WASHINGTON DC, Oct 7: South Asia can become the next manufacturing and export powerhouse if it increases the competitiveness, according to a new report by the World Bank.
The new report entitled ‘South Asia’s Turn, Policies to Boost Competitiveness and Create the Next Export Powerhouse’, released on Thursday also underlines a right mix of reforms and investments to boost the competitiveness and productivity.
Speaking at a discussion, ‘How Can South Asia's Firms Better Compete?’ on Thursday on the sidelines of 2016 Annual Meetings of International Monetary Fund and World Bank Group in Washington DC, trade experts, World Bank Group’s senior officials, researchers and policy makers said that South Asian countries have underperformed in terms of both the quantity and quality of exports because most firms in the region have low productivity, which is the main driver of sustained competitiveness.
“South Asia seems to be less competitive than its neighbors. Little progress has been made in diversifying exports and converting them into higher value added products in the region,” said Anabel Gonzalez, Senior Director, Trade and Competitiveness at World Bank Group.
“Countries in the region still need to build more competitive business environment, increase productivity and capitalize the benefits of urbanization and clusters,” she added.
According to the speakers at the discussion, the region’s policymakers should reexamine the contents and prioritization of the policy toolkit when it comes to competitiveness and productivity.
They say the region can compete in the global scale and realize its enormous potential if it can put in place needful ‘policy levers’, they say.
Speaking at the event, Kim Elliot, Senior Fellow, Center for Global Development, said that there should be also priority in integrating small and land-locked countries in the region as a part driving competitiveness.
“There are three large economies—Bangladesh, India and Pakistan— in the region who do have pretty good access in terms of transportation and proximity to market. There are also small land-locked countries like Nepal, Bhutan and Afghanistan,” she said. “It should also be figured out how to better integrate those smaller economies regionally,” she added.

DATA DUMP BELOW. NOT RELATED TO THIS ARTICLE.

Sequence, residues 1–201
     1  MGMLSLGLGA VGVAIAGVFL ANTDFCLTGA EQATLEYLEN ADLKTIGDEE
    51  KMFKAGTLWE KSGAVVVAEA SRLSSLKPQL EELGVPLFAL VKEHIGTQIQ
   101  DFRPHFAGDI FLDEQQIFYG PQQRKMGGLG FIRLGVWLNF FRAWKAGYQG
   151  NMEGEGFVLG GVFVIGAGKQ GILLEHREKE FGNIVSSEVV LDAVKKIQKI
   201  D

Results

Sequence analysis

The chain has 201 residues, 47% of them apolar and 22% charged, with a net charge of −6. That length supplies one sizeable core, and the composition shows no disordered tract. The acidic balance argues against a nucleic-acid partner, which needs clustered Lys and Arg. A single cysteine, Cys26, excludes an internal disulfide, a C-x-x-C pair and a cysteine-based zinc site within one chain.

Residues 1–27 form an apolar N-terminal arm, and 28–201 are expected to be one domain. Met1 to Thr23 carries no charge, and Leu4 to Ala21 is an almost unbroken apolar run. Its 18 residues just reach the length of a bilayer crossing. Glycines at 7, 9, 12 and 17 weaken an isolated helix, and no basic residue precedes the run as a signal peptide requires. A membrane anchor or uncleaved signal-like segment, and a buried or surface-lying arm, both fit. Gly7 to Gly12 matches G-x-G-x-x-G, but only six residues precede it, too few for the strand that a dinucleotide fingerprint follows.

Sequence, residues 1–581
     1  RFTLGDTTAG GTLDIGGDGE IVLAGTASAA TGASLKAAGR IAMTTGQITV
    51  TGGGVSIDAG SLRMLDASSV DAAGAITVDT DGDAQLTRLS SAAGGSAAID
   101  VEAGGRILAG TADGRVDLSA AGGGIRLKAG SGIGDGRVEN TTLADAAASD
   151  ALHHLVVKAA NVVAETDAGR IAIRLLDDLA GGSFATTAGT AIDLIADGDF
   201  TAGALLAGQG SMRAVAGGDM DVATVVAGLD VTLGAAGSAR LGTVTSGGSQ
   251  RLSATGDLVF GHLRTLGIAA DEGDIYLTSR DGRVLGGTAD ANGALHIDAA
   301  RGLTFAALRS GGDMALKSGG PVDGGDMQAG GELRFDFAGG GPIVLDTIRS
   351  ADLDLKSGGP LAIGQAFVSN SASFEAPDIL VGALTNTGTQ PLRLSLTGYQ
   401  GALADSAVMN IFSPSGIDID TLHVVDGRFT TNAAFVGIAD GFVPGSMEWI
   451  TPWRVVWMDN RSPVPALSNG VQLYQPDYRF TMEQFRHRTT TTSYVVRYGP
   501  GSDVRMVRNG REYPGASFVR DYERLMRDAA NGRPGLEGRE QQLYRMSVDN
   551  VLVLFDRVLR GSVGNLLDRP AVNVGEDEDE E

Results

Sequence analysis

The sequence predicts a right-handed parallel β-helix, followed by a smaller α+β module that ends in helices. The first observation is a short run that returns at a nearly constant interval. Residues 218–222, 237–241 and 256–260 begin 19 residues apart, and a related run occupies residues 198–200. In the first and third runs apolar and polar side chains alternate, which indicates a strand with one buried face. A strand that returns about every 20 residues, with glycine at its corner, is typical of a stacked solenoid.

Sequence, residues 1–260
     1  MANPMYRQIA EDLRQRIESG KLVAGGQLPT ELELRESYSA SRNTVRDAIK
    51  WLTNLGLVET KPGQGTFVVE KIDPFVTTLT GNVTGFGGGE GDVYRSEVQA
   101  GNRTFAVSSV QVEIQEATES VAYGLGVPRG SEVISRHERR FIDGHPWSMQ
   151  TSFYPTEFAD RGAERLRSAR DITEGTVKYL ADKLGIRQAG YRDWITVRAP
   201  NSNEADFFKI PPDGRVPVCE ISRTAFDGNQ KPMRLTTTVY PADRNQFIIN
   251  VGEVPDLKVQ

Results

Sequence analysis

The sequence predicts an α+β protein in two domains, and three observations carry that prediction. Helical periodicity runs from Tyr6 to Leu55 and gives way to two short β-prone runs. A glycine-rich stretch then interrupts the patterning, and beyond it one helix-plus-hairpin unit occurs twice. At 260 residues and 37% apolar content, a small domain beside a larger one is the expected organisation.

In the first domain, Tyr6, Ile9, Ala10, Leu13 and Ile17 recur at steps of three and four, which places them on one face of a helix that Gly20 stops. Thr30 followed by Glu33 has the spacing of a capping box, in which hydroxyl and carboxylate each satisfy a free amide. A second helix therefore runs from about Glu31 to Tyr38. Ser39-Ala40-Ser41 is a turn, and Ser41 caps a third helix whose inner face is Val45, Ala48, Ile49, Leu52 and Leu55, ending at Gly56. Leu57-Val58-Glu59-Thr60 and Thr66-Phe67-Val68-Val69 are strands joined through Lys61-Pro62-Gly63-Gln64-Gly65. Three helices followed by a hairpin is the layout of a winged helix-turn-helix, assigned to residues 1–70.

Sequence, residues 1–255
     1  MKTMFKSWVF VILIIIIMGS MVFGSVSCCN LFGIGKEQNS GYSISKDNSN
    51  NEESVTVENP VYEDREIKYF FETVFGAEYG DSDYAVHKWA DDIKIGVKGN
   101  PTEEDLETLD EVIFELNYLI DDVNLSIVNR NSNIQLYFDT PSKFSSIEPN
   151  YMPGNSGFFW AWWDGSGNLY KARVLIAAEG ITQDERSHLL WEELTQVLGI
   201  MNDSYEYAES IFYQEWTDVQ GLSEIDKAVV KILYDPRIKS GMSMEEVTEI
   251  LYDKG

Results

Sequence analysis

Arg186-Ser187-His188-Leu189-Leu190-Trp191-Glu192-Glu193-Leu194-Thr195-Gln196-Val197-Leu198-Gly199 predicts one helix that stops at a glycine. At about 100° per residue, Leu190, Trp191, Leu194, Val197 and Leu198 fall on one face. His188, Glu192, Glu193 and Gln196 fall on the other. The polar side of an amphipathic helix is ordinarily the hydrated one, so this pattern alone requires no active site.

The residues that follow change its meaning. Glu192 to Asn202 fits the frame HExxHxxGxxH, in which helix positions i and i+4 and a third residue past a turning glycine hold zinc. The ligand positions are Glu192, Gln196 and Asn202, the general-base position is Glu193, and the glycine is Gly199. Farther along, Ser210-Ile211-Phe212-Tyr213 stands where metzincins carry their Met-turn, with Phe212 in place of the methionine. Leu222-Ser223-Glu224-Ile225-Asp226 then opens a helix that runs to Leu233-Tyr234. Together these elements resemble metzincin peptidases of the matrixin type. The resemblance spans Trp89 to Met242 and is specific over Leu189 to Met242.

Rubana Huq, Managing Director, Mohammadi Group, Bangladesh, highlighted the need of competitiveness of private firms in terms of price, quality, productivity and compliance to boost their productivity.
The authors, in their report, have outlined four ‘policy levers’ that can help the region become more globally competitive across a broader spectrum of industries, accelerating growth and reducing poverty, especially for women.
So what are the four policy levers recommended in the report?
The report calls for enhancing business environment, leveraging agglomeration economies, connecting to global value chains and strengthening firm capabilities as the levers that can boost competitiveness and productivity in the region.
While enhancing business environment has been always featuring in the policy discourse and policy pathways to address them have been mapped out by various institutions, the remaining three levers are new and less prominent in discussions related to trade competitiveness of South Asia, according to authors of the report.
The authors have analyzed agribusiness, electronics, apparel and automotive as case studies to find out the drivers and constraints to productivity.